When Lachoneus, the Nephite governor, received an epistle from the leader of the Gadianton robbers, he was astonished at the boldness of Giddianhi in claiming the robbers were the wronged ones. The robber leader demanded the Nephites surrender all their lands and rights or they would be destroyed. (3 Nephi 3: 1-11.)
Verse 12 describes the governor's response: "Now behold, this Lachoneus, the governor, was a just man, and could not be frightened by the demands and the threatenings of a robber; therefore he did not hearken to the epistle of Giddianhi, the governor of the robbers, but he did cause that his people should cry unto the Lord for strength against the time that the robbers should come down against them."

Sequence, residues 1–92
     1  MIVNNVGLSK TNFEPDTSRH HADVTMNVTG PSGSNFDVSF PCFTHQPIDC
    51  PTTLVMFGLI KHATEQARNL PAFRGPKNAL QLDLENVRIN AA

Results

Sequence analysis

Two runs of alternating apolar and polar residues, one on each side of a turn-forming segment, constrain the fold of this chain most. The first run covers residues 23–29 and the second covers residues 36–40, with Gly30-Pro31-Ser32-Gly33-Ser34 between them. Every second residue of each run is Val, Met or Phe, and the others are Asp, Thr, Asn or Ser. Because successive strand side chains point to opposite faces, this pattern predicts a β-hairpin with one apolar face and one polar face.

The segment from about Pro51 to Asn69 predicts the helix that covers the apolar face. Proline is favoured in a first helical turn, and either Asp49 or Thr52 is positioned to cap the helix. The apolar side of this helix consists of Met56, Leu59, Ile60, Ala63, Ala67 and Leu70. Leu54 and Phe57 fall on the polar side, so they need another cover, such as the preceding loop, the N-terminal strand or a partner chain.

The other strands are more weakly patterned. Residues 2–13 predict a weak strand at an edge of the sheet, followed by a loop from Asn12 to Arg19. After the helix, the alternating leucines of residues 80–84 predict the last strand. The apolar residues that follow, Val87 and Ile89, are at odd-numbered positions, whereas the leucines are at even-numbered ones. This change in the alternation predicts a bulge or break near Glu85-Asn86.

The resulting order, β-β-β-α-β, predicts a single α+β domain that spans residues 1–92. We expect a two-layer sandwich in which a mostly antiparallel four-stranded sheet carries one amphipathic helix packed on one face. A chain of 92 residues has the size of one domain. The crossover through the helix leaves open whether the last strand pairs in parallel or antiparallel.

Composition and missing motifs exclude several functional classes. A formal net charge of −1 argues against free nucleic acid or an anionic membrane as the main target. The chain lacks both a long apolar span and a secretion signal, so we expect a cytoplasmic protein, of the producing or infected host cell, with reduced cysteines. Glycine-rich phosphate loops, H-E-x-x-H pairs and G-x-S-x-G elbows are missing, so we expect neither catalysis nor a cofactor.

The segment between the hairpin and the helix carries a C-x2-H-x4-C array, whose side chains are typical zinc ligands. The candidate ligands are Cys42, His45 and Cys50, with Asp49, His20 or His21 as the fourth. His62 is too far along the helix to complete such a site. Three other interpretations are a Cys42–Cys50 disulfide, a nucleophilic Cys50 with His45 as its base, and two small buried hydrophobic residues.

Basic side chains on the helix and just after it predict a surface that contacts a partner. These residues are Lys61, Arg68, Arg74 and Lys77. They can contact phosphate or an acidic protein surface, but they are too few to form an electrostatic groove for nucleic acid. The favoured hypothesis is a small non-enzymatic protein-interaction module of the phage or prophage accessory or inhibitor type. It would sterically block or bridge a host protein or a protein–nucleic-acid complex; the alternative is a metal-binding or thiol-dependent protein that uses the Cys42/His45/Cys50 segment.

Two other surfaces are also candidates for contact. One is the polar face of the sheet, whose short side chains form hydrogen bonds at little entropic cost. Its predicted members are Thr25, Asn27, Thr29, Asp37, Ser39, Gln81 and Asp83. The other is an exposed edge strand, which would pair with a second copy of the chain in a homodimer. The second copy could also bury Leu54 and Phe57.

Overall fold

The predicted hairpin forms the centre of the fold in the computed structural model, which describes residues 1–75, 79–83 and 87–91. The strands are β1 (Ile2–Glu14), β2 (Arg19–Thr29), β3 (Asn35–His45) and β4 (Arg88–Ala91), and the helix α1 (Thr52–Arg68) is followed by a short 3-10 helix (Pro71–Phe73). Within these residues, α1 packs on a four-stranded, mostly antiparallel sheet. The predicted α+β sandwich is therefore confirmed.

Lachoneus "could not be frightened" in the face of great ridicule and threats. In his October 1986 general conference address, President Thomas S. Monson, then second counselor in the First Presidency (now first counselor in the First Presidency), said: "Of course we will face fear, experience ridicule, and meet opposition. Let us have the courage to defy the consensus, the courage to stand for principle. Courage, not compromise, brings the smile of God's approval. Courage becomes a living and an attractive virtue when it is regarded not only as a willingness to die manfully, but as the determination to live decently. A moral coward is one who is afraid to do what he thinks is right because others will disapprove or laugh. Remember that all men have their fears, but those who face their fears with dignity have courage as well."
In his closing remarks, President Monson added, "May we muster courage at the crossroads, courage for the conflicts, courage to say no, courage to say yes, for courage counts."